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Actress Da'Vine Joy Randolph On Her Role In 'Dolemite Is My Name'


The new movie "Dolemite Is My Name" stars Eddie Murphy as 1970s comic Rudy Ray Moore. It shows him going from doing raunchy stand-up to making his own blaxploitation film. Along the way, he gives a big break to a woman nicknamed Lady Reed.


DA'VINE JOY RANDOLPH: (As Lady Reed) I get so nervous I had to hang on to the mic from not following over. Butterflies all in my stomach.

EDDIE MURPHY: (As Rudy Ray Moore, laughter) You're funny. You should be doing stand-up.

KELLY: NPR's Mandalit del Barco profiles the actress who plays Lady Reed.

MANDALIT DEL BARCO, BYLINE: Da'Vine Joy Randolph is her name.

RANDOLPH: My parents, it took them seven years to have me, and I'm the first. So it was a divine joy. No pressure, right? (Laughter) Like, woo (ph) - OK, starting it out intense, from the womb.

DEL BARCO: She plays the single mother-turned-comedian-actress who partners with Dolemite on stage and in his movies.


RANDOLPH: (As Lady Reed) I'm so grateful for what you did for me 'cause I never seen nobody that looks like me up there on that big screen.

DEL BARCO: Randolph thanks Eddie Murphy for giving her a chance to shine in his movie. She says her father had to school her on who Lady Reed was.

RANDOLPH: He was like, she's a larger-than-life character. Through and through, she is a woman. And he said, during that time, men were crazy about her. Like, as a plus-sized curvy woman, that was really cool to me and empowering.

DEL BARCO: The 33-year-old actress grew up in Philadelphia being bussed to private schools where she says she was the only black girl. As a teen, she studied opera, and after college she applied to graduate schools for drama, where she was asked about her aspirations.

RANDOLPH: I said that I would want to play Juliet in "Romeo And Juliet," had the tools to play her no matter what my size is or what I look like or the color of my skin - you believe me. All the schools laughed or commented or was like, eh, no, you're not that type. And Yale was the only school that was like, absolutely.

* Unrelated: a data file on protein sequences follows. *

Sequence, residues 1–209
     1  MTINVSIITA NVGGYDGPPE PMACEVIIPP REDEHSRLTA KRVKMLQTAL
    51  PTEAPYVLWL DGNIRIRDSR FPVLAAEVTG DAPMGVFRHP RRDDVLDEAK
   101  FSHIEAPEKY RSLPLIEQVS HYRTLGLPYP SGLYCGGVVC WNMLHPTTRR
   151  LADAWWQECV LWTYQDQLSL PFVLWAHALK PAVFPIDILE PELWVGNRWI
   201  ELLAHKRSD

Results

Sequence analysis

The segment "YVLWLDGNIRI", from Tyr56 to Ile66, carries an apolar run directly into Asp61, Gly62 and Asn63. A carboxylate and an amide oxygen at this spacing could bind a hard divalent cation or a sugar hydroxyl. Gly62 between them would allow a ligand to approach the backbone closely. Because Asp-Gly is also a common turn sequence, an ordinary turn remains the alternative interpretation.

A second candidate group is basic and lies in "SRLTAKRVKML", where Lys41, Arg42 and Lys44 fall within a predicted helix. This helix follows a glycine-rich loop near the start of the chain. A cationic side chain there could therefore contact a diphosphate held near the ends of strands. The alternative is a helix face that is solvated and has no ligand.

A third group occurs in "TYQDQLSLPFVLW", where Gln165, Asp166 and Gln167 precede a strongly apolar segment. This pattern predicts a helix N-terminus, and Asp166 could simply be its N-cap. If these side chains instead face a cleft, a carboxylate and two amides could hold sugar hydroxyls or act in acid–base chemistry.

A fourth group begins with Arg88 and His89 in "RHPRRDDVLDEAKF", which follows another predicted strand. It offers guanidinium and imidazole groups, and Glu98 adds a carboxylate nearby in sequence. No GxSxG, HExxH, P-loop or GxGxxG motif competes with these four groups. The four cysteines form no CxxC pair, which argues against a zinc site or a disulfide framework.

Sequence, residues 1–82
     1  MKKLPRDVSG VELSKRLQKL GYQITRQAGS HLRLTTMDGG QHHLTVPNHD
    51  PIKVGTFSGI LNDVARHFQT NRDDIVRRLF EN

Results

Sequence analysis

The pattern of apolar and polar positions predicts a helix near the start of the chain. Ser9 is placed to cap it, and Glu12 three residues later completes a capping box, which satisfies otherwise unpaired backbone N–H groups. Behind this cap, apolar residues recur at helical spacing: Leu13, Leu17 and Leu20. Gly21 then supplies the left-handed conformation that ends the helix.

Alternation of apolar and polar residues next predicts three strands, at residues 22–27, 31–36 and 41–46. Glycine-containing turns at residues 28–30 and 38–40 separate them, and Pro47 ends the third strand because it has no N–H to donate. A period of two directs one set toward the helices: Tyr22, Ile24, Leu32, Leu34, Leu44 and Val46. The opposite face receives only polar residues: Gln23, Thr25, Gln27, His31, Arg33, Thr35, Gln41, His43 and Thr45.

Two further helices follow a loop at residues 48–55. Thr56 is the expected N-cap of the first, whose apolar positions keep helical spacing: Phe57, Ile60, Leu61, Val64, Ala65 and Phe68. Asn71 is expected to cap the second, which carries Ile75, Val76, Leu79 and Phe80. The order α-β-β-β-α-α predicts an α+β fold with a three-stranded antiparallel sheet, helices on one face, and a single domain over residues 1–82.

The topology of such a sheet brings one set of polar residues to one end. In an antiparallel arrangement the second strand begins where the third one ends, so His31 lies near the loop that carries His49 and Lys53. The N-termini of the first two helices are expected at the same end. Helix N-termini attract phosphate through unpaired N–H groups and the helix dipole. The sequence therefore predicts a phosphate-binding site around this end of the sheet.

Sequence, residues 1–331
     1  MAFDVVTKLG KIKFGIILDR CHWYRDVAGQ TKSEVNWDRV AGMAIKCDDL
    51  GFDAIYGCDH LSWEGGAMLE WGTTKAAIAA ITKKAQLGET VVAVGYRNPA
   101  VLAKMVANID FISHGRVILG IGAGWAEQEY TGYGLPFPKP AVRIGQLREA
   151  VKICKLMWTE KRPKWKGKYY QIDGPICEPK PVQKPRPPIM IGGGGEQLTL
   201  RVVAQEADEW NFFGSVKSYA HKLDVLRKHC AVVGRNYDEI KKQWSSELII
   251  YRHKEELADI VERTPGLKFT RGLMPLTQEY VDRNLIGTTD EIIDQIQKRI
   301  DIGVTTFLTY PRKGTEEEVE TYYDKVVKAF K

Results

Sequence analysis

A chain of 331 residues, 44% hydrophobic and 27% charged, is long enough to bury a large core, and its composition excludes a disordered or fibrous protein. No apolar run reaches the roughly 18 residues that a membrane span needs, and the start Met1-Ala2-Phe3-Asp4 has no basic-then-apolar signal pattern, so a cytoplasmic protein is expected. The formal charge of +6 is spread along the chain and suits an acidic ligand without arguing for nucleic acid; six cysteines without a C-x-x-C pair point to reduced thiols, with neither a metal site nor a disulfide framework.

DEL BARCO: After graduating from Yale, she made her debut singing on London's West End and on Broadway, playing the part of Oda Mae Brown in "Ghost: The Musical."


RANDOLPH: (As Oda Mae Brown, singing) You know I'm your girl. I'm out of here.

UNIDENTIFIED ACTORS: (As characters, singing) I'm out of here.

DEL BARCO: For that role, Randolph was nominated for a Tony Award in 2012. She began getting parts on TV - "The Good Wife," "People Of Earth," "On Becoming A God In Central Florida" and "Empire." She played Poundcake, a prisoner who gets pregnant after being raped by the main guard. For years, she searches for the daughter that was taken from her.


RANDOLPH: (As Poundcake) The one thing I know for sure is that that bastard made my baby disappear.

CRAIG BREWER: I remember after the scene thinking, this woman's special.

DEL BARCO: Craig Brewer directed Randolph in "Empire" and in "Dolemite," too. He says he advised her to audition for Eddie Murphy by memorizing a routine from one of Lady Reed's party albums.

BREWER: (Laughter) It was so vulgar. We used some of it, actually, in the movie.


RANDOLPH: (As Lady Reed, singing) Now, my drawers, they may be ragged, but they be oh so clean 'cause, honey, I got some of the best [expletive] that you're going to ever see.

BREWER: She had to get that particular rhythm that Lady Reed had. And one of the greatest days ever was when Eddie called me and said, yeah, man, your girl from "Empire" just nailed this. She's incredible.

DEL BARCO: Randolph says she tries to break stereotypes in all her roles.

RANDOLPH: I want to be able to play an action hero, and we never comment on my size or the color of my skin or that I'm a female, and it's not a joke. It's like my new version of, like, I'm going to play Juliet, and you believe me.

DEL BARCO: Da'Vine Joy Randolph is now in production for her role in an upcoming movie about singer Billie Holiday.

Mandalit del Barco, NPR News.

(SOUNDBITE OF MUSIC) Transcript provided by NPR, Copyright NPR.

As an arts correspondent based at NPR West, Mandalit del Barco reports and produces stories about film, television, music, visual arts, dance and other topics. Over the years, she has also covered everything from street gangs to Hollywood, police and prisons, marijuana, immigration, race relations, natural disasters, Latino arts and urban street culture (including hip hop dance, music, and art). Every year, she covers the Oscars and the Grammy awards for NPR, as well as the Sundance Film Festival and other events. Her news reports, feature stories and photos, filed from Los Angeles and abroad, can be heard on All Things Considered, Morning Edition, Weekend Edition, Alt.latino, and npr.org.